Differences in the Electrostatic Surfaces of the Type III Secretion Needle Proteins PrgI, BsaL, and MxiHWang, Y., Ouellette, A.N., Egan, C.W., Rathinavelan, T., Im, W., De Guzman, R.N.
(2007) J.Mol.Biol. 371: 1304-1314
- PubMed: 17617421
- DOI: 10.1016/j.jmb.2007.06.034
- PubMed Abstract:
Gram-negative bacteria use a needle-like protein assembly, the type III secretion apparatus, to inject virulence factors into target cells to initiate human disease. The needle is formed by the polymerization of approximately 120 copies of a small ac ...
Gram-negative bacteria use a needle-like protein assembly, the type III secretion apparatus, to inject virulence factors into target cells to initiate human disease. The needle is formed by the polymerization of approximately 120 copies of a small acidic protein that is conserved among diverse pathogens. We previously reported the structure of the BsaL needle monomer from Burkholderia pseudomallei by nuclear magnetic resonance (NMR) spectroscopy and others have determined the crystal structure of the Shigella flexneri MxiH needle. Here, we report the NMR structure of the PrgI needle protein of Salmonella typhimurium, a human pathogen associated with food poisoning. PrgI, BsaL, and MxiH form similar two helix bundles, however, the electrostatic surfaces of PrgI differ radically from those of BsaL or MxiH. In BsaL and MxiH, a large negative area is on a face formed by the helix alpha1-alpha2 interface. In PrgI, the major negatively charged surface is not on the "face" but instead is on the "side" of the two-helix bundle, and only residues from helix alpha1 contribute to this negative region. Despite being highly acidic proteins, these molecules contain large basic regions, suggesting that electrostatic contacts are important in needle assembly. Our results also suggest that needle-packing interactions may be different among these bacteria and provide the structural basis for why PrgI and MxiH, despite 63% sequence identity, are not interchangeable in S. typhimurium and S. flexneri.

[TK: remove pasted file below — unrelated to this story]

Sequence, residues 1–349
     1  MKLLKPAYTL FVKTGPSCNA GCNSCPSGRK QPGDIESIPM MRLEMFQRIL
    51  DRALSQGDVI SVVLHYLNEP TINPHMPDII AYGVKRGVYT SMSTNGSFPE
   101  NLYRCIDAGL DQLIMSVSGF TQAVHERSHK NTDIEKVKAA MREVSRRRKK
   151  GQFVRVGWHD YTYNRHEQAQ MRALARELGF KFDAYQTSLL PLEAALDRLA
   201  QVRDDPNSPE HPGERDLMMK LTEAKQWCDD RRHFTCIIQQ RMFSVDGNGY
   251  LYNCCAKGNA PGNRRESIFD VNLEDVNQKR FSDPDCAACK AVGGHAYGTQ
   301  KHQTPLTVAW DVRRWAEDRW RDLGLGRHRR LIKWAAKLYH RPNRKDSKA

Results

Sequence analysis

Department of Molecular Biosciences, The University of Kansas, 1200 Sunnyside Avenue, Lawrence, KA 66045, USA.